As the National Insurance Scheme (NIS) rings in its 50th anniversary of serving the nation, General Manager Holly Greaves has warned of the effects the shrinking legitimate workforce is having on the scheme’s finances and long term viability.
The General Manager was at the time speaking on Wednesday at the distribution of bursary awards that mark the 50th anniversary. According to Greaves, the scheme has had to face a shortfall in contributions during the period under review.
Greaves noted that from January to August 2019, the fund collected little more than half of the $26.6 Billion target. And during that very period, NIS spent $16.8 Billion or 65 per cent of the $25.7 Billion allocated for current expenditure.
“At the end of December 2018, the fund stood at $32.9 Billion. A brief examination of our performance over the period January to August 2019 revealed that the NIS collected $15.8 Billion or 59 per cent of the $26.6 Billion budgeted target for 2019.”
“A further $9 Billion is projected to be collected between September to December 2019. As a result, the projected revenue is targeted at $24.8 Billion,” Greaves informed the gathering, which included Finance Minister Winston Jordan.
According to Greaves, the main contributor to these escalating expenses was benefit payments which amounted to $15.3 billion. Pension accounted for most of this, at $14.3 Billion, while short term and industrial payments were $960 and $155 Million respectively.
Greaves also spoke of the recommendations from the 9th actuarial review, which includes a 2 per cent hike in the contributions rate. But for all these recommendations, the shrinking workforce is still an issue NIS has to grapple with.
“Over the 50 years of our existence, the scheme has registered 30,563 employers, 731,917 employed persons and 35,134 self-employed persons. However, the scheme is currently providing coverage to 5,679 active employers, 173,758 active employed persons and 10,734 active self-employed persons,” she said.
“The decline in the active employed population does not augur well for the future of the scheme since it is expected that those in the workforce would be able to sustain payments to the pension population. The trend of movement from the structured workforce to an expanding informal workforce that is not complying with NIS regulations seems to be continuing.”
Former Chairman of the Berbice Bridge Company Incorporated (BBCI), Dr Surendra Persaud, who is also the Chairman for the National Insurance Scheme (NIS), had announced steep increases to the tolls at the facility.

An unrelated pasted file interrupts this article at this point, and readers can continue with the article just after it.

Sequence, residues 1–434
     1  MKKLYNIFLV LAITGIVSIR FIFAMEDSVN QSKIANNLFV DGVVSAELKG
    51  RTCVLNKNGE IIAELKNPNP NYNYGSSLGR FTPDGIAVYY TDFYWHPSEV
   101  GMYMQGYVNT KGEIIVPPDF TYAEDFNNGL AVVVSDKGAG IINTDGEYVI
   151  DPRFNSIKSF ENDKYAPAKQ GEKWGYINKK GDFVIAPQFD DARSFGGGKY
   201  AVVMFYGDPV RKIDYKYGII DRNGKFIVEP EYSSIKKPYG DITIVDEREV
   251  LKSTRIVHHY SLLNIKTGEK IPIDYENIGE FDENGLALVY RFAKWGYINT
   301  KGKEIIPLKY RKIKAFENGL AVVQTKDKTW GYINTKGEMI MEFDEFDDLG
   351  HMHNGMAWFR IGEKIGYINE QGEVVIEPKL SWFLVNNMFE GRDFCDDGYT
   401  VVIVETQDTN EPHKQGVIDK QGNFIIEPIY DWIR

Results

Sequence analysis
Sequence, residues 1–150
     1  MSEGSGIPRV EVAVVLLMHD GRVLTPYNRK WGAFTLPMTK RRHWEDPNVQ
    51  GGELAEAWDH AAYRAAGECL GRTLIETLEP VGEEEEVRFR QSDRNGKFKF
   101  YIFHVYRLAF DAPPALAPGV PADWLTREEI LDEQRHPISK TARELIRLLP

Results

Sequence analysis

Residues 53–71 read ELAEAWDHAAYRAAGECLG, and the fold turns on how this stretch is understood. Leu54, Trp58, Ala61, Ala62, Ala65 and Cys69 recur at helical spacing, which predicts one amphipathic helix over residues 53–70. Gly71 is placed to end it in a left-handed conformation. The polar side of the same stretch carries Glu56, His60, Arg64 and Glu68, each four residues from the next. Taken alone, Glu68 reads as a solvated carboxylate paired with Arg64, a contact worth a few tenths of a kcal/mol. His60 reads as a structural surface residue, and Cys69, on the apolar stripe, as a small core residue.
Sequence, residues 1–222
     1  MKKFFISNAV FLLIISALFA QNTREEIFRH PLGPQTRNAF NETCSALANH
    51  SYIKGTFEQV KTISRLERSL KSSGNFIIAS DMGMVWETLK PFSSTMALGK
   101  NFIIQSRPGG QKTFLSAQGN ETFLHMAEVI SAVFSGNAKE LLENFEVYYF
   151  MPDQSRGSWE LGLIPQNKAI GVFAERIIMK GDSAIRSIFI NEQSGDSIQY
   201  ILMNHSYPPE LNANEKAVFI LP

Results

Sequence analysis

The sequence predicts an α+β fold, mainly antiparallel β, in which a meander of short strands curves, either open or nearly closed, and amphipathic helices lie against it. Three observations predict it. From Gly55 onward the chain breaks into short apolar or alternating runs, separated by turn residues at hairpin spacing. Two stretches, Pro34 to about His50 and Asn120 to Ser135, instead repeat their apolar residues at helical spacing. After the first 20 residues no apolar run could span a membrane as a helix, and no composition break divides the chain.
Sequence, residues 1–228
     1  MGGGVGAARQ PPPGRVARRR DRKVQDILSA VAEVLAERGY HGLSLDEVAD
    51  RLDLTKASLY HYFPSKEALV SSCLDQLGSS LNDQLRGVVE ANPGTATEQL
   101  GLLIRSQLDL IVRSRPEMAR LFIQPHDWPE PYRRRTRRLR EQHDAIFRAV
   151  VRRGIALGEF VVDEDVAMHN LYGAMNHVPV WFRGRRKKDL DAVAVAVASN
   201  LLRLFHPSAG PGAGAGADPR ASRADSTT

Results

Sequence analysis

Guyana Times was told that Dr Persaud was forced to push for the increase in tolls in order to protect NIS investment. NIS has majority voting rights on the BBCI Board of Directors.
NIS was started in 1969 as the main social security provider. Today, it has 14 offices across the country and over 600 permanent staff. But since the dismissal of thousands of sugar workers, late payment of their severances and the firing of about 2000 Amerindian Community Support Officers (CSOs), financial analysts have outlined worry about the financial status of NIS.
Earlier this year, Chartered Accountant Christopher Ram in an interview with this publication on Guyana’s unemployment rate had explained that this may impact payments to NIS and income tax.
According to the accountant, many persons do not see their NIS deductions in the positive light of being a contribution to their future pension, but rather, they see it as a deduction from an already small salary.
Tax collection is not the only thing taking a hit when there is large-scale unemployment, as NIS contributions are also affected. For instance, concern has been expressed that layoffs in the sugar belt could undermine the scheme’s position. This is particularly so if the scheme were to pay unemployment benefits.
Between 2017 and 2018, Government closed Wales, Enmore and Rose Hall Sugar estates and fired over 7000 workers.
Opposition Leader Bharrat Jagdeo had said that the idea of paying out these benefits did not take into account the current financial status of the Scheme and its ability to meet its current obligations.
He noted that the last actuarial report recommended that focus be placed on building the reserve to avoid a deficit. In fact, it was disclosed in that report that the life of the Scheme should come to an end by 2022 unless strategic plans for revenue earnings and expansion of the investment portfolio were effectively implemented.
“What has happened since is that this Government has fired 7000 sugar workers, many others. Let’s say maybe 20,000 more have lost their jobs. Take of the 20,000, just take another 8000 who were paying NIS, so those are people who are not contributing to NIS,” he explained.
This translates to decreased inflows for NIS and payouts that would remain constant or increase. In the last financial statement issued by the Scheme, it had showed a deficit of over $800 million.
In addition to the over 7000 sugar workers, who were fired from the Guyana Sugar Corporation (GuySuCo) and the CSOs who were dismissed by Government, Barama Company Limited was also forced to close its operations after several of its concessions were taken back by Government